OUR recent feature on the cinemas of Townhead sparked a few fantastic (and dramatic) recollections – and Thomas Gallagher has a question for fellow Thanks for the Memories readers.

“I was brought up in Townhead – I lived at 44 Glebe Street – and in your article, you mentioned the Casino, the Carlton and the Grafton cinemas,” he says.

“But what about the St James’s Picture house on Stirling Road?”

He adds: “There must have been at least 30 steps up to it, and it had wooden seats. It was the first time I remember smelling Pasha cigarettes.”

Thomas started work at the age of 15 in the Central Signal Box, as a ‘bookmarker’, noting all the trains coming in and out of the station, and he recalls one particularly alarming day in his life.

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“One day, I got home to our top flat and the door was lying open,” he says. “There was no one in the house and all the furniture had gon.

“The tenant next door tells me that my mum and dad have moved to Possilpark - a place I had never heard of.”

Thomas laughs: “So she tells me how to get there and after what felt like hours, I found my new house, with my mum in the kitchen.

“I asked her what happened, and she said – ‘oh, did I no’ tell you? The building was bulging at the front and the Corpy put us all out…..”

Arthur MacVean got in touch to tell us he had laughed out loud to read our recent story about Philip Kelly scaring the lady in the Grafton cinema by throwing his coat over her by mistake in the dark.

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“I was brought up in St James’s Rd, not far from the Grafton, which was sometimes referred to as the ‘Buggy’,” he recalls.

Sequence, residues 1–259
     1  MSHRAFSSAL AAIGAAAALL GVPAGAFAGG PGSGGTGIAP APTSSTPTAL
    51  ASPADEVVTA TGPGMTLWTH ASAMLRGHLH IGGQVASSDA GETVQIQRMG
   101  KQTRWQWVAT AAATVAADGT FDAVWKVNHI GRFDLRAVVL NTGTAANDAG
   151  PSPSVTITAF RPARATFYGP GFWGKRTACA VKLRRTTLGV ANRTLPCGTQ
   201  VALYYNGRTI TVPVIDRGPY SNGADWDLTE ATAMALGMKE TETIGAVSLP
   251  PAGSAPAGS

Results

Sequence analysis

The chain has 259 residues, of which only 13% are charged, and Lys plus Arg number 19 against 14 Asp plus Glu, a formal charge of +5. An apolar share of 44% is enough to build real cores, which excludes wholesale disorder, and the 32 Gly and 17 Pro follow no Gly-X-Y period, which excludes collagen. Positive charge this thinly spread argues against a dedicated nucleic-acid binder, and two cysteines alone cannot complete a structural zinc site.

“I had some really funny and great times there, where we kids all cheered the cowboys and cavalry during the westerns and loudly booed whenever the ‘injuns’ appeared whooping and galloping on the screen.”

He adds: “I remember the showing of Rock around the Clock, starring Bill Haley and the Comets, in the Fifties, the start of the ‘rock n’ roll’ era, when all the guys and gals started twisting and dancing in the passageways to this new exciting music…”

Arthur also recalls Gizzi’s café on Castle Street.

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“It was frequented by a much older crowd than my friends and I,” he says. “It was beside the Casino and the Carlton cinemas which were okay but nothing could compare with the Grafton. It was a place of fun and laughter, filled with great characters.”

Ian Whiteford remembers his happy childhood growing up on Maryhill Road in the 1950s.

“Your article on the old closes brought back many fond memories from a long time past,” he says.

“I lived on Maryhill Road only until I was about seven years old, when my parents emigrated to Australia in on what was then called the £10 assisted fare – the Aussies labelled us ‘the ten-pound poms’.

“I remember playing along the canal, which ran along the back of our tenement, and the camaraderie that existed between everybody in our close – we all looked out for each other.”

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He laughs: “Woe betide you if you were caught playing up and down the stairs, though….”

Ian also recalls his mother's hard work on wash days. "I remember doing the family washing in the wash house, putting the clothes through a huge hand wringer before hanging them out on the clothes line in the back court.

“People and families didn’t have much in those days, but things seemed so much simpler then..”